Why Madrigal?

Mike Silverton

[March 1998. Originally appeared in La Folia 1:1.]

It says here in “30 Days to a Pulitzer” that the best titles are always terse. I’d intended to say “So How Come a Record Review on Madrigal’s Webpage?” but, as I paid for this course, I see little to be gained in blowing off Lesson One.

Very well, then. To begin just short of a happy outcome, it was I who approached Madrigal. That’s an important point. Le déluge, c’est moi. As to why, we begin in happy late middle-age with a pair of Wilson WATT/Puppy 5.1’s. Dave Wilson “voices” his speaker systems with networked cables. At a get-together at Lyric Hi-Fi in Manhattan, The Abso!ute Sound’s editor, Harry Pearson, introduced me to Karen Sumner, president of Transparent Audio of Hollis, Maine, a manufacturer of networked interconnects and speaker cables. Briefly (Lesson Two: Get to the Point), I have borrowed and bought three ascending levels of Transparent cabling, Ultra, Reference, and Reference XL (this last, a purchase), and developed en route a cordial relationship with the lady abovementioned. In answer to a request for advice (for which I thank her daily), Karen spoke enthusiastically of Madrigal’s Mark Levinson line with particular regard to Levinson’s true-differential balanced circuitry vis-à-vis my desire for a pair of Reference XL balanced interconnects. On the strength of Karen’s good opinion and enthusiastic Stereophile reviews, I acquired the Mark Levinson No.333 Dual Monaural Power Amplifier and No.39 CD Processor, and in so doing developed a similarly friendly relationship with Madrigal’s Dave Nauber, with whom I first raised the online proposal. Dave’s read some of my music writing and found the notion worthy of pursuit.

So why, you ask (Lesson Three: Involve the Reader), didn’t I simply strike out on my own? Two reasons: First, there’s the assistance I’d receive in a cyberspatial adventure, about which I boast an insurmountable ignorance, and second – well, let’s call it the prestige factor (Lesson Four: Be Truthful), because that’s what it is. Not to hone too fine a point, I love this Levinson stuff and craved the association as a kind of “good sound, good music” partnership.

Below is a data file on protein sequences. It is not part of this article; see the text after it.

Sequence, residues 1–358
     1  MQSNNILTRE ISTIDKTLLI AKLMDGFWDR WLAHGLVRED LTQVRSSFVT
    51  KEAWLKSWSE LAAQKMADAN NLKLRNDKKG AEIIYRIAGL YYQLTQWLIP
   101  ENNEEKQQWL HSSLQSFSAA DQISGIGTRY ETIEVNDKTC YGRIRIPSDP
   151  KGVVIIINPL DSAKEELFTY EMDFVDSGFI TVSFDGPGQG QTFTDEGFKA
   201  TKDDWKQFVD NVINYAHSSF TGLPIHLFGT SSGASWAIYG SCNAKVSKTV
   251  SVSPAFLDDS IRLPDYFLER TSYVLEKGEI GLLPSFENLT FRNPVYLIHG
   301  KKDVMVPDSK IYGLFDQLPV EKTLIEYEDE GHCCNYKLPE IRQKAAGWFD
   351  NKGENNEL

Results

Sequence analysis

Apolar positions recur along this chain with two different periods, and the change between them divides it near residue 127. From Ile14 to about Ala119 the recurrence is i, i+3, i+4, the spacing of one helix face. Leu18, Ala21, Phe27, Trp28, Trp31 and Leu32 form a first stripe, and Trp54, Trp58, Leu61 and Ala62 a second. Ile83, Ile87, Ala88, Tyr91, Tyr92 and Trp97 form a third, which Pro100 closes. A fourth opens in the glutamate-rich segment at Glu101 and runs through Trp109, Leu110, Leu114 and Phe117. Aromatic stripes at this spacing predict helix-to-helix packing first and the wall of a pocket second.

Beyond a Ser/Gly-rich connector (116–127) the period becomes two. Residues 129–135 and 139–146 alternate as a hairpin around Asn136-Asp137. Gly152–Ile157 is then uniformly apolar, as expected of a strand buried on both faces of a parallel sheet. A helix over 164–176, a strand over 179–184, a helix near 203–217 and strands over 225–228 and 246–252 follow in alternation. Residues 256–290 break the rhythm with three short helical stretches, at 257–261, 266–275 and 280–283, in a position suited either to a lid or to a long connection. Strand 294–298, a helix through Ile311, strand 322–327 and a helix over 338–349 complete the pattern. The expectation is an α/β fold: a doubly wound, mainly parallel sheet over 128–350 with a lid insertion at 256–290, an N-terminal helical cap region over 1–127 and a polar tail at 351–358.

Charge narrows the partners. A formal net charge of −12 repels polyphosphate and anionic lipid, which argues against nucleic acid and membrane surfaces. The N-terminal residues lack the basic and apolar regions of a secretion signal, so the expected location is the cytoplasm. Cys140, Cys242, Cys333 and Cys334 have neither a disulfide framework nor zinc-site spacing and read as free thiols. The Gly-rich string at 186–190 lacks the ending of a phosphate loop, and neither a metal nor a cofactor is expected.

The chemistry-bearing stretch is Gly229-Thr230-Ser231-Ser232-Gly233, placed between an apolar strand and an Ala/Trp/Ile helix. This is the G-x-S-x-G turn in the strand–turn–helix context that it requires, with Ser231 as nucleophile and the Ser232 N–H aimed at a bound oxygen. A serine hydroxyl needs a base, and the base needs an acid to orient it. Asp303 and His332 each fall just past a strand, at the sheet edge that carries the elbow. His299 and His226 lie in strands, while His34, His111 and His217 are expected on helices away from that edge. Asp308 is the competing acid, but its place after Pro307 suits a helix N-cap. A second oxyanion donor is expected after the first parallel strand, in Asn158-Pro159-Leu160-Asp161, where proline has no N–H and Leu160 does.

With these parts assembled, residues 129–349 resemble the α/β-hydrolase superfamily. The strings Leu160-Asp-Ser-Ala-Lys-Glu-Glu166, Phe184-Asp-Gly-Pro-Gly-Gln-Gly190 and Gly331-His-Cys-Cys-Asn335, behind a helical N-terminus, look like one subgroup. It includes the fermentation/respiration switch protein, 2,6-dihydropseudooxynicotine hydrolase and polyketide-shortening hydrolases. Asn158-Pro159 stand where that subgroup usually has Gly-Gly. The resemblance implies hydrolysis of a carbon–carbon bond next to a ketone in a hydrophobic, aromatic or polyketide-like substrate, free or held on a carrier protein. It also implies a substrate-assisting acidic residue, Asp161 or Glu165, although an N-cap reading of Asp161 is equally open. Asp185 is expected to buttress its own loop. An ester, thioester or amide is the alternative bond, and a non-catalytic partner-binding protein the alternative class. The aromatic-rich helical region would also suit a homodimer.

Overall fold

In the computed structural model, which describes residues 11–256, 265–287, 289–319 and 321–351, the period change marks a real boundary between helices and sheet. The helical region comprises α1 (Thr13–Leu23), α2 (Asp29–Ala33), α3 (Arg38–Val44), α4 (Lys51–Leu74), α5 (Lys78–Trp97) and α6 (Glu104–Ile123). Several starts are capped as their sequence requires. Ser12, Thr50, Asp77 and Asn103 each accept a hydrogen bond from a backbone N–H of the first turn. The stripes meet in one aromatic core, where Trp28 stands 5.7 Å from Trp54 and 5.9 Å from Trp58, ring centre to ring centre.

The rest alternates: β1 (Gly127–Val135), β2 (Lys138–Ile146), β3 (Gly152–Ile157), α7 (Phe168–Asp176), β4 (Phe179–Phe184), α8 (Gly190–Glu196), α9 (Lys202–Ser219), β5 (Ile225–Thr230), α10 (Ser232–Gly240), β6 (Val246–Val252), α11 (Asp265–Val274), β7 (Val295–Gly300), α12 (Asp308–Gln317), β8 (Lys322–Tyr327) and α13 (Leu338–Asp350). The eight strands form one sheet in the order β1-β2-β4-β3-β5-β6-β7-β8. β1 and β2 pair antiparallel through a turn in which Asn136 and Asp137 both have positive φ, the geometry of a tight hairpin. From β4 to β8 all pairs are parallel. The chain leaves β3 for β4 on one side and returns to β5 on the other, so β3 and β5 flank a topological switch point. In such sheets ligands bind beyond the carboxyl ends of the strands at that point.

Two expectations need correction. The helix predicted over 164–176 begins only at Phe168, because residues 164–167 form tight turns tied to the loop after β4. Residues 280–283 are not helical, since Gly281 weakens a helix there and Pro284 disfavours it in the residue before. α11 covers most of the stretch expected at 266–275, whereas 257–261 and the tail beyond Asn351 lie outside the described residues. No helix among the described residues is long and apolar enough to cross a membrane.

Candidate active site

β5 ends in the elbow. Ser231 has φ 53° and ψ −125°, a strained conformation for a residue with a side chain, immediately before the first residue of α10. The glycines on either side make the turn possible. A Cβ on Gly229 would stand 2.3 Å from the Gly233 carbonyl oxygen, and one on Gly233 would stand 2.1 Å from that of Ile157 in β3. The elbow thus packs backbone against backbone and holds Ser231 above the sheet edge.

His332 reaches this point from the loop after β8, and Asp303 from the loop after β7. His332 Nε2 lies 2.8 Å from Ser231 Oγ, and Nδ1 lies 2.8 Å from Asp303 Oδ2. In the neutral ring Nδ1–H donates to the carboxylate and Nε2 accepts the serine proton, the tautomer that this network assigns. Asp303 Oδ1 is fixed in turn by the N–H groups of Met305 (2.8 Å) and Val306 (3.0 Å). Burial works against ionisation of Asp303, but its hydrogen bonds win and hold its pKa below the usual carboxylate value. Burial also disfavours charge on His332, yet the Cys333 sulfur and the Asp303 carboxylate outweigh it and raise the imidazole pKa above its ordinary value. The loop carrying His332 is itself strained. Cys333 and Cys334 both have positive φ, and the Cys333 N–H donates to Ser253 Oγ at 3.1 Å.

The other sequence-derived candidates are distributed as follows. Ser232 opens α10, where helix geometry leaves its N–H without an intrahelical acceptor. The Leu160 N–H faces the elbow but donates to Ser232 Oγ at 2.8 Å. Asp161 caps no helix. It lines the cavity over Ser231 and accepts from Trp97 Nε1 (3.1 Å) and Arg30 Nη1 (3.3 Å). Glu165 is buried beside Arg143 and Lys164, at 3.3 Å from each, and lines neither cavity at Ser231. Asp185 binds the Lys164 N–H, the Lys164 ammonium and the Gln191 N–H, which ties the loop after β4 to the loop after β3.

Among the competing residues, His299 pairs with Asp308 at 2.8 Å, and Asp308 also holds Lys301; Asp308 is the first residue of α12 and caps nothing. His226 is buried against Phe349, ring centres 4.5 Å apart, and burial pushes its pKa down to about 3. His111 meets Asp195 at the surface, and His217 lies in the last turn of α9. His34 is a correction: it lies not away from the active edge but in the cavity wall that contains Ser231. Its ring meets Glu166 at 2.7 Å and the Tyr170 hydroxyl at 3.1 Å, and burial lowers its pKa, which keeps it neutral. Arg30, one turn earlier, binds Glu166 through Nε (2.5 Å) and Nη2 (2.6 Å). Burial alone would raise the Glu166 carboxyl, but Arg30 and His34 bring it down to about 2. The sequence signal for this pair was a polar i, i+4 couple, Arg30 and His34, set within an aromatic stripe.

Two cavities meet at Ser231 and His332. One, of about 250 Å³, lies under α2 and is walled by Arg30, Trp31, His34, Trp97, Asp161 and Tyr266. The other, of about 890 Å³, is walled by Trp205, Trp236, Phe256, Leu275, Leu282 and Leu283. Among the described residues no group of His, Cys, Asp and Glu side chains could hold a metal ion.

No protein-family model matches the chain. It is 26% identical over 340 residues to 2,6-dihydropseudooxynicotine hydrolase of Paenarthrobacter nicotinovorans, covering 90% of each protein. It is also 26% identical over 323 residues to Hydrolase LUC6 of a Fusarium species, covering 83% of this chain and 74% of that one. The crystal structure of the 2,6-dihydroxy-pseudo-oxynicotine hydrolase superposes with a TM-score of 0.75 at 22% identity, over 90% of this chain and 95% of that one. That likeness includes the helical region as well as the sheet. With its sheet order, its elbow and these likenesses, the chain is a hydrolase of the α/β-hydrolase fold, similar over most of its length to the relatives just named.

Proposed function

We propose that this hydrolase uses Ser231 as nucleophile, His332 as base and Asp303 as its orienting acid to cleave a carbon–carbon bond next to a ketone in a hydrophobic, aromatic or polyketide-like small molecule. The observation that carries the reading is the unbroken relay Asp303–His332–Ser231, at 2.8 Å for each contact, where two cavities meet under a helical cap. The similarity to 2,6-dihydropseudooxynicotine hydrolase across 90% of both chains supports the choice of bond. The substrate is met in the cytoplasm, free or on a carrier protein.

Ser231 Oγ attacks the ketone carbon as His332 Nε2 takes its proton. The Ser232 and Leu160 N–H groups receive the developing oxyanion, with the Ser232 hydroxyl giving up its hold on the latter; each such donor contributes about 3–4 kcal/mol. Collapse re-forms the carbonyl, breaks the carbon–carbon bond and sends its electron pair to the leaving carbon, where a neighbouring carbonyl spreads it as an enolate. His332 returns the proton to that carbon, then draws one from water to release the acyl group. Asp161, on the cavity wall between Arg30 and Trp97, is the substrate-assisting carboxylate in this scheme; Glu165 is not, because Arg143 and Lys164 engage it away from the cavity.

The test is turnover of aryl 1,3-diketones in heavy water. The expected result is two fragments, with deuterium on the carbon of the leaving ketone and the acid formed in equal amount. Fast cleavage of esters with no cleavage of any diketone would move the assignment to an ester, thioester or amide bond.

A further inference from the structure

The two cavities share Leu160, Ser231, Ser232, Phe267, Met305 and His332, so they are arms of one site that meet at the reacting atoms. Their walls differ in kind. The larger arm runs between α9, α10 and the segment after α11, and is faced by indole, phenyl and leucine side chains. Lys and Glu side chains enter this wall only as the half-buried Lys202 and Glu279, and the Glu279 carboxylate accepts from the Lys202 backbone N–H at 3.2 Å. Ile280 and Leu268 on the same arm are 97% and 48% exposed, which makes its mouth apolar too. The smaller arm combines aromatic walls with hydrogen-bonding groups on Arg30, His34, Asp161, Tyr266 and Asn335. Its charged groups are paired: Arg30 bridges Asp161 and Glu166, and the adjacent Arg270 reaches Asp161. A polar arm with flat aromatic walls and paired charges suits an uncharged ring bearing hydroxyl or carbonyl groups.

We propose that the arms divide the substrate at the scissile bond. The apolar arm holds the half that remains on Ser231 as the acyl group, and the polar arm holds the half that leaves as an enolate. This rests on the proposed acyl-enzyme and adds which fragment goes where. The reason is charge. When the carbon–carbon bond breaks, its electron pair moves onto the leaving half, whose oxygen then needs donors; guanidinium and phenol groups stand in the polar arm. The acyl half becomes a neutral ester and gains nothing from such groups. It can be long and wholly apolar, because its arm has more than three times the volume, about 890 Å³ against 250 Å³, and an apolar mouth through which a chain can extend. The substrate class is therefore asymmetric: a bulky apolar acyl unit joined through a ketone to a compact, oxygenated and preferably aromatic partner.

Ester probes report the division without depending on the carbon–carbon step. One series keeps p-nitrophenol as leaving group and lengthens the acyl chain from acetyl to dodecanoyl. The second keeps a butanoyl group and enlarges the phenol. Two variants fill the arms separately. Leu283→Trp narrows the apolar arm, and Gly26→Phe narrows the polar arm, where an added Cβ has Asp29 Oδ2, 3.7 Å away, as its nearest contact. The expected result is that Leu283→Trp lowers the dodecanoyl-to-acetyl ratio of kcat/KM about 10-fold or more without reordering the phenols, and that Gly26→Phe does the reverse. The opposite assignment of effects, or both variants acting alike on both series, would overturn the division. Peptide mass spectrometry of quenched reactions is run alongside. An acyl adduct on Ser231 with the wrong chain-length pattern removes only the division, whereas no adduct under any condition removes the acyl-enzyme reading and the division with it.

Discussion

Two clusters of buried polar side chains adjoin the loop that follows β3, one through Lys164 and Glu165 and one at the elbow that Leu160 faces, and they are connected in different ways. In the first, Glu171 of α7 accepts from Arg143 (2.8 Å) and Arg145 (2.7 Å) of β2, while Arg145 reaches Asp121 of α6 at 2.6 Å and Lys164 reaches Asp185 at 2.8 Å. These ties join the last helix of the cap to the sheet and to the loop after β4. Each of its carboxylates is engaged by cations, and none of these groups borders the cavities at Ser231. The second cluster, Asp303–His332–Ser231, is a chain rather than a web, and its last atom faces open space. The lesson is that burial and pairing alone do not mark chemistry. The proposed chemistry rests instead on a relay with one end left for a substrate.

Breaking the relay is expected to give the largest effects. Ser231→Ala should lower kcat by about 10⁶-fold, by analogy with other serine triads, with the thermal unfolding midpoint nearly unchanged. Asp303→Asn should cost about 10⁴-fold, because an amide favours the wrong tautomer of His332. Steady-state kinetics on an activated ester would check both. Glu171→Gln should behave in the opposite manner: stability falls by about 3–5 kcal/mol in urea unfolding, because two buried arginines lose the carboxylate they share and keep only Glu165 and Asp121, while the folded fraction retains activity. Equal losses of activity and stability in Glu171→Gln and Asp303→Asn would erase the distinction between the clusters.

(Lesson Five: The Résumé.) I’ve been contributing to Fanfare, a bi-monthly, for about a dozen years, and rather more spottily to The Abso!ute Sound for something less than half that time. Inasmuch as I see La Folia’s audience as audiophile in deed or aspiration, the notion of a review distributing its emphasis on the music and its performance, as well as on recording as art-object apart seemed, for this supplicant (to say it again), an ideal arrangement, appearing as it does under a respected high-end aegis. Needless to mention, Madrigal Audio has its own, entirely logical motivation: to attract readers to its webpage.

(Lesson Six: How to Preen without Giving Offense.) Pride of possession comprises a generous measure of the citizen-audiophile’s raison d’être. The music-reviewer audiophile has the convenience of camouflage, the issue becoming one of disclosure, as in, “Just who is this presumptuous ass?” I listen to recordings in a residential loft with high ceilings, brick walls, and lots of diffusive-absorptive built-ins and irregular surfaces. (My wife, Lee, is an interior designer by profession, and we share a passion for art, with which the place is stuffed.) Most knowledgeable visitors judge the loft a sonic plus. My sound system – the Wilson W/P’s, Levinson amp and CD player with its necessary volume control, and Transparent Reference XL cabling – lacks as an intentional omission a preamp and the means to spin vinyl. With regard to LPs, I sold a collection years ago in order to make some sorely needed space. With regard to short measure, I cannot in good conscience lay claim to the discovery, since everyone agrees in principle that as regards l’Affaire signalpathique, Less is more, with apologies to Mies van der Rohe. I do not contend that the system defies improvement. The true-blue audiophile would sooner eat his galoshes. I do say, however, that if resolution, transparency, soundstage coherency, timbral accuracy, and dynamic detail define an ideal, the setup does handsomely in all departments. Further (Lesson Seven: When to Rattle Cages), Signor Scardanelli and I have long been content with the compact disc’s abilities, as the first of this issue’s essays will address in some historic and inevitably contentious detail.

(Lesson Eight: Staking Claims.) La Folia’s mission differs from that of the audiophile press in that we propose to cover music in the main neglected elsewhere. My own interests center on art music of the mid-to-latter 20th century and far less systematically on free and improvisational jazz. Signor Scardanelli and I comprise, for the present, the totality of La Folia’s contributors. I do expect our ranks to expand. As I say, our musical interests tend to the esoteric. However (Lesson Nine: The Clincher), lest you dismiss us as a pair of posturing, contrarian snoots, we will also make it our business to comment on recordings of more familiar fare, e.g., in this issue, a Living Stereo CD reissue of Charles Munch conducting the Boston SO in Berlioz’s Symphonie Fantastique, and somewhat less recent performances under Elliott Gardiner’s baton of the Beethoven symphonies on Deutsche Grammophon’s Archiv imprint. With respect to “Lest we forget,” La Folia will spend a good deal of its time on discs that have been around the block a few times and, of course, recent releases of interest.

(Lesson Ten: The Meaningful Postscript.) And please, do by all means print out these cyberpages. You might also like to frame a few.